Westminster Bridge.

Westminster Bridge. Steel engraving. Drawn by Tombleson and engraved by C. Hall. From Eighty Picturesque Views of the Thames and Medway. Text and formatting by George P. Landow. [You may use this image without prior permission for any scholarly or educational purpose as long as you (1) credit the University of California Library and the Internet Archive and (2) link your document to this URL in a web document or cite it in a print one.]

As we approach Vauxhall, a neat gothic church attracts the sight, lately erected at the extremity of the fields, as a chapel of ease to the parish of Battersea. Winding to the left, the Thames flows through the light and elegant arches of Vauxhall bridge, composed of iron, on stone piers. The miserable and unpicturesque appearance which the Surry shore presents is fully compensated by the prospect which offers itself more in advance, comprising the venerable form of Lambeth palace on the right, with the grey and weather-beaten tower of the church. Westminster abbey, rearing its stately mass of gothic architecture, with the " hall of Rufus," on the opposite banks, while Westminster bridge stretches its ample arches across the stream, with the dome of St. Paul's, and many a lofty tower and tapering spire rising in rapid succession beyond it; near the bridge on the left is a heavy pile of building, called the penitentiary prison, and further on the four massive towers of St. John's church. [71]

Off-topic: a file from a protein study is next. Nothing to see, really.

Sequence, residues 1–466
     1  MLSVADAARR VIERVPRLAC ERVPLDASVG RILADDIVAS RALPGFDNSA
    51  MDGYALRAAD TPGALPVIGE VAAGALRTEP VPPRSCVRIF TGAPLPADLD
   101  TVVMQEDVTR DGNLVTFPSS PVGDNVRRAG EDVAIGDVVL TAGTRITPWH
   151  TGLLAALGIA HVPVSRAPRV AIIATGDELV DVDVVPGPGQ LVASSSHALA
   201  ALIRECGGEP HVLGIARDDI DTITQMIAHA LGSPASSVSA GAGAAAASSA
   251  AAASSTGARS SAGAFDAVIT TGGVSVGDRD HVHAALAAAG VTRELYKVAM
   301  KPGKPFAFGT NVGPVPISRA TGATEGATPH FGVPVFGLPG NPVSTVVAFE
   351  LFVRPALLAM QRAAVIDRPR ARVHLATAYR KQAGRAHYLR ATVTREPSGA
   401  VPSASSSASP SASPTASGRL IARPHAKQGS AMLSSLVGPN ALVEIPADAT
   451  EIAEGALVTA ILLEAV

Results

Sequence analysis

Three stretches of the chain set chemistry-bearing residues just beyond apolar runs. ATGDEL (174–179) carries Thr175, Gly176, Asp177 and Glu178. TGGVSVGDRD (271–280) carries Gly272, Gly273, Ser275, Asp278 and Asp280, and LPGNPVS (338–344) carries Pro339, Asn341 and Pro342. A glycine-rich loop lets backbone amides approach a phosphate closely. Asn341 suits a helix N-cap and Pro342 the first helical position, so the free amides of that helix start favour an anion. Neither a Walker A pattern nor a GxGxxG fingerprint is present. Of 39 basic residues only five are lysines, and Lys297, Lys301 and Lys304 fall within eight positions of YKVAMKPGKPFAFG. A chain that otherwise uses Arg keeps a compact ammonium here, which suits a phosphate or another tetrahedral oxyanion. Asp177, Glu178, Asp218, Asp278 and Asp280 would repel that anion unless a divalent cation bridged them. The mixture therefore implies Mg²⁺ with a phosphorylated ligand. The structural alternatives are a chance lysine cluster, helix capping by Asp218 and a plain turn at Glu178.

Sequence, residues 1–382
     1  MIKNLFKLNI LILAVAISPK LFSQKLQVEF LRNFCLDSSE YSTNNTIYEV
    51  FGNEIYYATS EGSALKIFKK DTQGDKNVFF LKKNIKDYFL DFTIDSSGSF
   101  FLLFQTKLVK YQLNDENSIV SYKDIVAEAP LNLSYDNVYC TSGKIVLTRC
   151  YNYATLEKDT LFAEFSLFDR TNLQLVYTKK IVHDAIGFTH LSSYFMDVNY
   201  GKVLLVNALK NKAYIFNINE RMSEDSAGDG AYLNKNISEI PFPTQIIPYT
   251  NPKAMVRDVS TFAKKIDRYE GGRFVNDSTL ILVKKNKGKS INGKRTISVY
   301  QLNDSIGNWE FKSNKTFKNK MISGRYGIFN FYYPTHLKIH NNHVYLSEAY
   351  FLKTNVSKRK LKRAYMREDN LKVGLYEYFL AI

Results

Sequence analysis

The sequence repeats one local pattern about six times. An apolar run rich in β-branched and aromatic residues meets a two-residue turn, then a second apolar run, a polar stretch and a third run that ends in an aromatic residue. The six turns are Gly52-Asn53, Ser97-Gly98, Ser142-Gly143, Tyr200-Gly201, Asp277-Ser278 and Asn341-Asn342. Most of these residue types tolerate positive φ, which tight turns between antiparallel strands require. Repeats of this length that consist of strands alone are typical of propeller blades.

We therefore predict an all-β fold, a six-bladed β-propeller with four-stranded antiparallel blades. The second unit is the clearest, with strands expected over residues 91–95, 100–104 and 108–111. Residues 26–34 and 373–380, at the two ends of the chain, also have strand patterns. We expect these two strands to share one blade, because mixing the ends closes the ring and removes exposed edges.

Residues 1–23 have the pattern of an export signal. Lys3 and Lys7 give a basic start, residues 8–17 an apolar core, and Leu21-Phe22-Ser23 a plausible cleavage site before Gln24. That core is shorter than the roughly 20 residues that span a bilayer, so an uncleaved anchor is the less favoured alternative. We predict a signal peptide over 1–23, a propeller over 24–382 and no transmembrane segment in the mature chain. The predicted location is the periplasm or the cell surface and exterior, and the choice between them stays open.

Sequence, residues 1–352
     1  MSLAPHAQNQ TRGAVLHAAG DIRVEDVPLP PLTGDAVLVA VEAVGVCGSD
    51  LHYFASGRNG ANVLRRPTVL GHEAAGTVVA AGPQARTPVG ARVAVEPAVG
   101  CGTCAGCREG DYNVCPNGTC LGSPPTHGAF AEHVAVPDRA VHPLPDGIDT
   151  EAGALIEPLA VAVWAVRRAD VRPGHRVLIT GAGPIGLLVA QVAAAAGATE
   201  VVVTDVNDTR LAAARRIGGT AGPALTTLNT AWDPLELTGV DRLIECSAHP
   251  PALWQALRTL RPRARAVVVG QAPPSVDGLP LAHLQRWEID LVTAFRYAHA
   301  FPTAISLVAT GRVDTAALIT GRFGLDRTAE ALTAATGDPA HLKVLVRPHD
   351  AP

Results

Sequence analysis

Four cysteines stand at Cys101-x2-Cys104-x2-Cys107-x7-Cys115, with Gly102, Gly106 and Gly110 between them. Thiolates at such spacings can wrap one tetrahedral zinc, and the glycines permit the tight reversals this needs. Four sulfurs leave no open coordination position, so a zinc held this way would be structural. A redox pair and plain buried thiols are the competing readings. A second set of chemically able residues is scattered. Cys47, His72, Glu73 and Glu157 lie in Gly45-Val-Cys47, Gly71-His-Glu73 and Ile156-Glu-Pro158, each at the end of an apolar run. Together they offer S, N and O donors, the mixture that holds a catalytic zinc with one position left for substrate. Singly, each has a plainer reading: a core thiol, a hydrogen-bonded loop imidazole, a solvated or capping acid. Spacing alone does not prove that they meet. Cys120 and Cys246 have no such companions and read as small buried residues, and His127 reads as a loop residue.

Other images of Westminster Bridge

References

Fearnside, W. G. Eighty Picturesque Views of the Thames and Medway, Engraved on Steel by the First Artists. London: Black and Armstrong, [n.d. after 1837]. Internet Archive version of a copy in the University of California at Berkley Library. Web. 30 March 2012.


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Last modified 1 May 2012